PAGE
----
Dr. Jag Mohan Humar, is currently Distinguished Research Professor of Civil Engineering at Carleton University, Ottawa, Canada. Dr. Humar obtained his Ph.D. from Carleton University in 1974. He joined Carleton as a faculty member in the Department of Civil Engineering in 1975 and became a full professor in 1983, and served as the Chairman of the Department of Civil and Environmental Engineering from 1989 to 2000.

Dr. Humar’s main research interest is in structural dynamics and earthquake engineering. He has published over 120 journal and conference papers in this and related areas. He is also the author of a book entitled "Dynamics of Structures," published by Prentice Hall, USA in 1990. The second edition of the book has been published by Balkema Publishers of Netherlands in 2002. In February 2000 Dr. Humar led a Canadian Scientific mission to Gujarat to study the damage caused by the Bhuj earthquake.

Dr. Humar is actively involved in the development of seismic design provisions of the National Building Code of Canada. Over the last 15 years he has served as a member of the Standing Committee on Earthquake Design, an advisory body to National Building Code of Canada (NBCC) for its seismic design provisions. During these years the NBCC seismic provisions have undergone substantial revisions, and many of the changes and new requirements have been influenced by Dr. Humar’s work in the field.

Along with teaching, academic administration, and research, Dr. Humar has also been active in engineering consulting He served as a special consultant for several outstanding civil engineering projects, including the National Aviation Museum in Ottawa and the SkyDome in Toronto. He was a seismic design consultant on several other projects, which include the Earthquake Response Study of the Alexandria Bridge across the Ottawa River, Seismic Rehabilitation of the Victoria Museum, Ottawa, Blast Load Analysis of the Mackenzie Tower, Parliamentary Precinct, Ottawa. He also served as a member and chair of the experts panel to review the seismic rehabilitation and upgrade of the West Block, Parliamentary Precinct, Ottawa.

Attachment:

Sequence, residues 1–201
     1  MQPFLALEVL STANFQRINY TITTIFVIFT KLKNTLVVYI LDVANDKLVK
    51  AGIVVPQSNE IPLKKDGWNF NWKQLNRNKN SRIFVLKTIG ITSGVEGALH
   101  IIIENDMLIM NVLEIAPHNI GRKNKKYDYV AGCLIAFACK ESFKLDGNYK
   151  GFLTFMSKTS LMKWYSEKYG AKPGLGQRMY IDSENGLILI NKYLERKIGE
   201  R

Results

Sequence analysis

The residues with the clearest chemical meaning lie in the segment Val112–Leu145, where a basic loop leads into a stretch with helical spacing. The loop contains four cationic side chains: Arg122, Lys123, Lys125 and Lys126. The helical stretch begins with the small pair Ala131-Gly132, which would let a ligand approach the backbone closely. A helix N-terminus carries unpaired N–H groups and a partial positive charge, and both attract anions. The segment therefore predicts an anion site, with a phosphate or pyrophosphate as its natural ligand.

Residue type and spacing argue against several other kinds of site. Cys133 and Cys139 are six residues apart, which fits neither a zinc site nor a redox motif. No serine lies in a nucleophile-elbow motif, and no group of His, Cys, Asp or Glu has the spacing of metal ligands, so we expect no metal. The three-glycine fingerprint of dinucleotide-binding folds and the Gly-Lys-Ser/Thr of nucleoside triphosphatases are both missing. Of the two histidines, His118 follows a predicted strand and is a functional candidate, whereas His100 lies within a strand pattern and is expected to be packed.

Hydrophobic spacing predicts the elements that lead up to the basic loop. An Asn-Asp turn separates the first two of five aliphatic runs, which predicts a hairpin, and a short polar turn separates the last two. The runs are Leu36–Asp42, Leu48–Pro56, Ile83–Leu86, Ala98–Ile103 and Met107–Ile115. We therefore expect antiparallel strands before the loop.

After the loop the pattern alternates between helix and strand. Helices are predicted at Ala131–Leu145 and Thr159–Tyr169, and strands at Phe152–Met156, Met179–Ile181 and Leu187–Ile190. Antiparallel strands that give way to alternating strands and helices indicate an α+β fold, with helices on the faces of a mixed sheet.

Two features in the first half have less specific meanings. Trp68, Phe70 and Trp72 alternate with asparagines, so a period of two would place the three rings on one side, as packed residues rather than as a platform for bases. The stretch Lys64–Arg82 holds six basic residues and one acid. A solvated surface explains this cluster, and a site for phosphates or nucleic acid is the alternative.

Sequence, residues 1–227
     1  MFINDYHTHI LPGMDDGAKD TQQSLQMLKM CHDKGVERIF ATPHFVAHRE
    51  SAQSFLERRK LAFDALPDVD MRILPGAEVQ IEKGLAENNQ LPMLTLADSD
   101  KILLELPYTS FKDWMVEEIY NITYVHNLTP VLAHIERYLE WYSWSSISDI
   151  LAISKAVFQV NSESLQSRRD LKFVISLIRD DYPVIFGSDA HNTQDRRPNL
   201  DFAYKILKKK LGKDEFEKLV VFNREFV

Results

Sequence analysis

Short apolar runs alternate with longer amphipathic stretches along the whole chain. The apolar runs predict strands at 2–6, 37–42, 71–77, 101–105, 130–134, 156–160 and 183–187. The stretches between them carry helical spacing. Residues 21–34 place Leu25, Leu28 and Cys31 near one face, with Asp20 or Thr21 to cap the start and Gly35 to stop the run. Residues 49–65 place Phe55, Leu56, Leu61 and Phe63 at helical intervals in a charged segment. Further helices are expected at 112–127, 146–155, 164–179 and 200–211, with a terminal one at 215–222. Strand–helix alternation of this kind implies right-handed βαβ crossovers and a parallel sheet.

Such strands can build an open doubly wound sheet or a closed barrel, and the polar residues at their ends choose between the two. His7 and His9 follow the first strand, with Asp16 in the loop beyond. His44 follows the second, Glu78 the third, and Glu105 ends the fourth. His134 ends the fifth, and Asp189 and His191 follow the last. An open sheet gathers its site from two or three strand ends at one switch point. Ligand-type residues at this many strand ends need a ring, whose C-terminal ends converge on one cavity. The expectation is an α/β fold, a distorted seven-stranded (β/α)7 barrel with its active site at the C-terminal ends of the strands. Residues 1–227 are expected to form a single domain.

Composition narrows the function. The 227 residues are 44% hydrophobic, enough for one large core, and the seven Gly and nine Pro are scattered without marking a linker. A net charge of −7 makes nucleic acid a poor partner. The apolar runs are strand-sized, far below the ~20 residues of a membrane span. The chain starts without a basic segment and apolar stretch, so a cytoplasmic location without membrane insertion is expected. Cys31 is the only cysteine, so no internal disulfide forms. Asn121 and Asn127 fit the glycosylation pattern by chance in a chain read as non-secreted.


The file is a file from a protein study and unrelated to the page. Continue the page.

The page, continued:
Dr. Humar has received several awards for his outstanding contributions to teaching, research, engineering practice, and the profession.

Dr. Humar serves as a field referee for many international journals including the ASCE Journals of Structures and Engineering Mechanics, the Journal of Sound and Vibration, the Journal of Structural Dynamics and Earthquake Engineering, and the Canadian Journal of Civil Engineering. For 7 years he served as an Associate Editor for the Canadian Journal of Civil Engineering. Currently he is the Associate Editor of the International Journal of Earthquake Engineering and Structural Dynamics.